Pub Date: Wednesday, Sept. 5, 2012
Author: Marco Guazzi, MD, PhD, FACC and Ross Arena, PhD, PT, FAHA
Citation: Guazzi M, Adams V, Conraads V, Halle M, Mezzani A, Vanhees L, Arena R, Fletcher GF, Forman DE, Kitzman DW, Lavie CJ, Myers J. Clinical recommendations for cardiopulmonary exercise testing data assessment in specific patient populations. Circulation. 2012: published online before print September 5, 2012, 10.1161/CIR.0b013e31826fb946.
Cardiopulmonary exercise testing (CPX) merges traditional exercise testing procedures (ECG, blood pressure, perceived exertion, etc.) with ventilatory expired gas analysis (i.e. oxygen consumption, carbon dioxide production and minute ventilation). The combination of these variables affords the ability to assess an individual’s response to physical exertion in a highly refined manner. Thus, CPX is highly valuable when unexplained exertional limitations are present as this assessment technique can help to isolate physiologic abnormalities in the cardiovascular, pulmonary and/or skeletal muscle systems. Moreover, a number of CPX variables have proven to be highly prognostic in a number of patient populations. Currently, CPX is a clinical standard of care in patients with unexplained exertional dyspnea as well as those diagnosed with heart failure. Moreover, emerging evidence strongly suggests CPX has clinical utility in patients with suspected/confirmed pulmonary arterial hypertension or secondary pulmonary hypertension, pulmonary disease, hypertrophic cardiomyopathy, suspected myocardial ischemia, and suspected mitochondrial myopathy. Thus, it is likely the clinical application of CPX will expand in the coming years.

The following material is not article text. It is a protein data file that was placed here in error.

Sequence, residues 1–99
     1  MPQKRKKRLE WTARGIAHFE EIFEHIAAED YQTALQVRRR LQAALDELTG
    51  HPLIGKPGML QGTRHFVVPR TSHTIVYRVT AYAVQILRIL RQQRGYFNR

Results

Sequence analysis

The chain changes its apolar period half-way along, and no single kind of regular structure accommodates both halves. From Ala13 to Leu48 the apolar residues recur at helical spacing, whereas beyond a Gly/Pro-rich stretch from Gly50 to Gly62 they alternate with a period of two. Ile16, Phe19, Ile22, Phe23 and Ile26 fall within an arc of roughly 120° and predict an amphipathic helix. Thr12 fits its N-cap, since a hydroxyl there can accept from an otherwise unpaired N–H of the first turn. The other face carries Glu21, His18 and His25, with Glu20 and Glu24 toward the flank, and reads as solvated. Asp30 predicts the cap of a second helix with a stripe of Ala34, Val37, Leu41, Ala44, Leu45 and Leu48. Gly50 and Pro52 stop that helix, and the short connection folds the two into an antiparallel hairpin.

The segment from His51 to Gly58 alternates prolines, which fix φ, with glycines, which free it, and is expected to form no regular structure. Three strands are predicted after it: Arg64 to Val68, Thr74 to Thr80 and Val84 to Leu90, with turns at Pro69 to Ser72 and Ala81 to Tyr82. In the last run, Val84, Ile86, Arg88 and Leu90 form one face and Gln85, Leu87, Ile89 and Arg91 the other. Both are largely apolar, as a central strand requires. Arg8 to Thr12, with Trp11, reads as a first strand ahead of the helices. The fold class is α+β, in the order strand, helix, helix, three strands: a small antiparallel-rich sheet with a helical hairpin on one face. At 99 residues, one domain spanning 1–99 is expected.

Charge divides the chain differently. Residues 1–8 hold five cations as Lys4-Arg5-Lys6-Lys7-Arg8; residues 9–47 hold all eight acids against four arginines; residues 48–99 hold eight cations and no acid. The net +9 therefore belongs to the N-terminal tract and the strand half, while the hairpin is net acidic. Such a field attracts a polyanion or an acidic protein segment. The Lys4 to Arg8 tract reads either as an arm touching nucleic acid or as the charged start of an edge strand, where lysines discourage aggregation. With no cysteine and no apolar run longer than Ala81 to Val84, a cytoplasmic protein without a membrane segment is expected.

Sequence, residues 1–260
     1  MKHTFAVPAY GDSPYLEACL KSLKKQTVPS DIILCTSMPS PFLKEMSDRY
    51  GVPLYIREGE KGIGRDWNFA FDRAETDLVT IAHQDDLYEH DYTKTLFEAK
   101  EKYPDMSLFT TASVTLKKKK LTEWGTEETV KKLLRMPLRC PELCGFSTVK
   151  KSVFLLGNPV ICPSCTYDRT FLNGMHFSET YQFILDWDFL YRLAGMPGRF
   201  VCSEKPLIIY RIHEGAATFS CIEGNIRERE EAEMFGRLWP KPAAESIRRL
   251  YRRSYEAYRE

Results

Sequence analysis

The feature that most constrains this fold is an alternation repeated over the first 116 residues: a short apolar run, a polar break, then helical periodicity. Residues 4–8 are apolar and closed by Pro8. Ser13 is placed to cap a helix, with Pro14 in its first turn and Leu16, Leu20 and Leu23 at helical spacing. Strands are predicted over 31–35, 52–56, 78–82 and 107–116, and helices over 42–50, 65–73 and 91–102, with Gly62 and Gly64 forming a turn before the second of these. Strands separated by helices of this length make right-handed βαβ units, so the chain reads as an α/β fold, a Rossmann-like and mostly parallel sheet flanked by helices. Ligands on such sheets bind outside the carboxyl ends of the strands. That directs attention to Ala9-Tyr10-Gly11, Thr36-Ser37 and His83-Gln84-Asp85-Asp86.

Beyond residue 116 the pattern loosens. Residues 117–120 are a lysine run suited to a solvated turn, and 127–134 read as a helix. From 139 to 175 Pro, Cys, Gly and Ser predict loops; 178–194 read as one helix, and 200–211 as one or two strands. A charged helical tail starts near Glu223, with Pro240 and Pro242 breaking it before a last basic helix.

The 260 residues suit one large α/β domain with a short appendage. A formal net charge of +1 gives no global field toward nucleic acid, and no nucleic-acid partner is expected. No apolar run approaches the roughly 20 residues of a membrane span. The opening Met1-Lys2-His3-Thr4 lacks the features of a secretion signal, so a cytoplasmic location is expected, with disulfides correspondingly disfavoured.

While original research demonstrating the value of CPX is robust and numerous review papers as well as scientific statements have been written on the topic, actual clinical utilization of this exercise assessment remains suboptimal. A potential reason for lower utilization of CPX in clinically warranted situations is an inability for clinicians to easily identify and interpret the most relevant data. In truth, most software packages operating CPX systems generate reports and graphs that are oftentimes difficult for the clinician decipher. Moreover, a number of variables included in these reports do not provide essential, evidence based, clinical information for a given test indication. Appropriate clinical utilization of CPX may increase if a simplified approach to key data identification and interpretation was available.
The new clinical CPX statement, which was a joint effort from the European Society of Cardiology and American Heart Association, published in both the European Heart Journal and Circulation (September epub ahead of print), provides a streamlined approach to key data identification and interpretation. The body of original research in CPX is reviewed and used to justify which variables should be assessed for a given test indication. While certain variables overlap and are universal to all test indications, others are unique to the reason for CPX. From this review of evidence, simplified, color-coded, one page reporting sheets are provided for the following test indications: 1) heart failure, 2) suspected or confirmed hypertrophic cardiomyopathy, 3) unexplained exertional dyspnea, 4) suspected or confirmed pulmonary arterial hypertension/secondary pulmonary hypertension, 5) chronic obstructive lung disease or interstitial lung disease, 6) suspected myocardial ischemia, and 7) suspected mitochondrial myopathy. Based on the color-coded value for each pertinent CPX value obtained, an evidence-based prognostic and/or diagnostic interpretation is provided. We view this approach as a major step forward in simplifying CPX interpretation with high clinical applicability.
In closing, based on the body of research in this area, CPX clearly provides highly valuable clinical information in a number of patient populations. As co-chairs of the writing group that developed this joint statement, it is our hope that clinicians whose patients would benefit from CPX find this document to be highly valuable to their practice.
-- The opinions expressed in this commentary are not necessarily those of the editors or of the American Heart Association --